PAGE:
Most Ohio contractors are, or should be, aware of prevailing wage requirements on public construction projects (with the exception of school construction, where prevailing wage is not required). If a contractor bids on a public construction project, then its costs will include the wages for the employees who will work on the project. If one contractor is permitted to bypass the prevailing wage requirements, then its bid could be lower, and it would have an unfair advantage. Failure to pay prevailing wage to employees who work on the project could also create a hardship for the employees involved.

When a contractor or subcontractor fails to pay prevailing wage to its employees, who has a right to sue the contractor? This was the question in United Brotherhood of Carpenters, Local Union No. 1581 v. Edgerton Hardware Co. (Williams App. Aug. 3, 2007), 2007-Ohio-3958.

In Local Union No. 1581, a subcontractor failed to pay prevailing wage to its employees. The United Brotherhood of Carpenters and Joiners of America, Local Union No. 1581, filed suit, claiming that the subcontractor violated portions of the Ohio revised Code by failing to pay prevailing wage to its employees.

The trial court, on its own initiative, determined that Local Union No 1581 did not have “standing” to sue. “Standing” is legal jargon that means a party has an interest in a case. As an example, if someone owes you money and has not paid, then you have standing to sue. Your neighbor does not.

Local Union No. 1581 appealed the court’s decision on the basis that it was an “interested party” under the express language of the statute. The appellate court agreed. According to the appellate court, the question to be answered was whether or not the union had a “personal stake in the outcome of the controversy.”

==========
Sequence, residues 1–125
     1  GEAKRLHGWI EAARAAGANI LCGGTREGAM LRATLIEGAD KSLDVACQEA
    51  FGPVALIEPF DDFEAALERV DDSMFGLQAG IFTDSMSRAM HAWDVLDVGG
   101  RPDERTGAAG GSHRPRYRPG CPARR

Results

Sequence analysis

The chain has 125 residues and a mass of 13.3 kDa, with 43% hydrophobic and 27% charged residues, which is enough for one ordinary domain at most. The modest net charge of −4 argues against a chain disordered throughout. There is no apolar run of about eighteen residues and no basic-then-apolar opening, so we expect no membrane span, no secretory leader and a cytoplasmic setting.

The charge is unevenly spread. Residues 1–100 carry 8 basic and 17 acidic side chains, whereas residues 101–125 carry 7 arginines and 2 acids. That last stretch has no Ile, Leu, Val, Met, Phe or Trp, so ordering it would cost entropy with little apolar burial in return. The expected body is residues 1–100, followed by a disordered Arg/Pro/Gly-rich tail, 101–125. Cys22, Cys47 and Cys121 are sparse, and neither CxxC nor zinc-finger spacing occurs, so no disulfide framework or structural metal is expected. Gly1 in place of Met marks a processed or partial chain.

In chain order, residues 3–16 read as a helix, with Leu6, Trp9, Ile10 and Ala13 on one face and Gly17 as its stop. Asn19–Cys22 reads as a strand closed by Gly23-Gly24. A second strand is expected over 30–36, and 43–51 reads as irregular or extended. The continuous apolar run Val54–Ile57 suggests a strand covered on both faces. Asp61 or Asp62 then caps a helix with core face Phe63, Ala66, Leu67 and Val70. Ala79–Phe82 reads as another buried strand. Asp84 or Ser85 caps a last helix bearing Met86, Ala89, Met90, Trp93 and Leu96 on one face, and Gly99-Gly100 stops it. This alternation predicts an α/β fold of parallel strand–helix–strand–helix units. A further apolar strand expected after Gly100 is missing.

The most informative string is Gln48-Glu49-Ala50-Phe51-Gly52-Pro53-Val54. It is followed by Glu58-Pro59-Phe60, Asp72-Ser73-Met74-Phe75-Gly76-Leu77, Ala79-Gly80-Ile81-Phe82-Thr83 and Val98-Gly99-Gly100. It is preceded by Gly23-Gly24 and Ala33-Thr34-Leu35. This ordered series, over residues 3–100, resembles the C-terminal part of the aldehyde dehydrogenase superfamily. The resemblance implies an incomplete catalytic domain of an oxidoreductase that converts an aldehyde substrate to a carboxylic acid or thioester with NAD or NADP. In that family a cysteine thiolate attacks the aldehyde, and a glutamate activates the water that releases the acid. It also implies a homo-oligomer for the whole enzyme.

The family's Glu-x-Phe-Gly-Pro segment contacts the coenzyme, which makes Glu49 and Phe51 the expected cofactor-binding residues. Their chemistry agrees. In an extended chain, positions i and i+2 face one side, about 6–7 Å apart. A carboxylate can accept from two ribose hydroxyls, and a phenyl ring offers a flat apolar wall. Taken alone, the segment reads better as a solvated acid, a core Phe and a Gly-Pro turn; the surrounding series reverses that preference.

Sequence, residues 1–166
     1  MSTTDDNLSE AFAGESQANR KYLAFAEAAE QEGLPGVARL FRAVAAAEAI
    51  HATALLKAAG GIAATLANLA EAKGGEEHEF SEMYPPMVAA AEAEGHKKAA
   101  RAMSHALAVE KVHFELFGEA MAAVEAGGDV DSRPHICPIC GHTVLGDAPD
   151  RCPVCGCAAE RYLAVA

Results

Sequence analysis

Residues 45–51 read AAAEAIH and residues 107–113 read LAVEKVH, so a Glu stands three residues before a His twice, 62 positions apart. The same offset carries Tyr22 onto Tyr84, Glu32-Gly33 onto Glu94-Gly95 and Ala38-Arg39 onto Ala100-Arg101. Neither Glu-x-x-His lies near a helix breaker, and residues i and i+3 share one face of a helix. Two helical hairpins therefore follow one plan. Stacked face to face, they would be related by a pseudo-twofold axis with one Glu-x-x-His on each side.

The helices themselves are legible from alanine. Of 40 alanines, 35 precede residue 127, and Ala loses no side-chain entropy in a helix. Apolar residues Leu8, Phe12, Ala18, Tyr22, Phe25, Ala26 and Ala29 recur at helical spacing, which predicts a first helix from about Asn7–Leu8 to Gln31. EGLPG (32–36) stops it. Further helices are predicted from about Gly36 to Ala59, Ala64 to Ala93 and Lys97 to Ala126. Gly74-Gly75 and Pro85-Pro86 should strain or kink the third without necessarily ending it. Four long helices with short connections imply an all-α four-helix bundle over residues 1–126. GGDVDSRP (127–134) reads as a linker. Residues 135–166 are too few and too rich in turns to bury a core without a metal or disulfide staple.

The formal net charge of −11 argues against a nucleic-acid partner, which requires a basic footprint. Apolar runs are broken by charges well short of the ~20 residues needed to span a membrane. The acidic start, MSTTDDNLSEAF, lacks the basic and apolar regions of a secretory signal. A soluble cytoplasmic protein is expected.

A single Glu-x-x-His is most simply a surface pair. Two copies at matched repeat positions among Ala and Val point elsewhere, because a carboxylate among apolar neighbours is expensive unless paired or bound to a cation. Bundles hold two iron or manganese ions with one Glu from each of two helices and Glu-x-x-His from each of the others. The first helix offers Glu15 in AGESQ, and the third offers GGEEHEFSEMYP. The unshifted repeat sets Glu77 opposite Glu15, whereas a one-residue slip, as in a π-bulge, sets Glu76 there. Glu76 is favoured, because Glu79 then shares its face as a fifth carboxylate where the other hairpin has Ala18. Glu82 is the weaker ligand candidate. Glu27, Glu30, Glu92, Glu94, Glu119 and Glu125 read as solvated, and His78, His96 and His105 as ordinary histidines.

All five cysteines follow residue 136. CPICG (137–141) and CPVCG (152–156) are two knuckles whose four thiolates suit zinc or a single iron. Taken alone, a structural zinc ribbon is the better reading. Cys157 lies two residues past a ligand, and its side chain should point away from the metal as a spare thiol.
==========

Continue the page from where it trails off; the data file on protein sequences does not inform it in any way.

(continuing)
In order to have standing, Local 1581 had to be an “interested party” as defined in Ohio Revised Code § 4115.03(F). The next Code section defines the term “interested party”:

(F) “Interested party,” with respect to a particular public improvement, means:

(1) Any person who submits a bid for the purpose of securing the award of a contract for construction of the public improvement;

(2) Any person acting as a subcontractor of a person mentioned in division (F)(1) of this section;

(3) Any bona fide organization of labor which has as members or is authorized to represent employees of a person mentioned in division (F)(1) or (2) of this section and which exists, in whole or in part, for the purpose of negotiating with employers concerning the wages, hours, or terms and conditions of employment of employees;

(4) Any association having as members any of the persons mentioned in division (F)(1) or (2) of this section.

The trial court had apparently assumed that the carpenters’ union did not gain standing to sue the defendant, a plumbing and sheet metal contractor, just because some of the union’s members worked for a company that had submitted an unsuccessful bid for carpentry work on the project. If the union had a complaint, it apparently had to be about carpentry work, the court thought.

The Court of Appeals disagreed, after looking at the statute. Evidence presented by Local 1581 established that its members worked for a company that bid on but was not awarded the project. That was enough to satisfy the third section of the “interested party” definition, the court thought. Local 1581 was an “interested party” for purposes of bringing a suit based upon any subcontractor’s failure to pay prevailing wage. It was not restricted to suing a subcontractor in the same trade.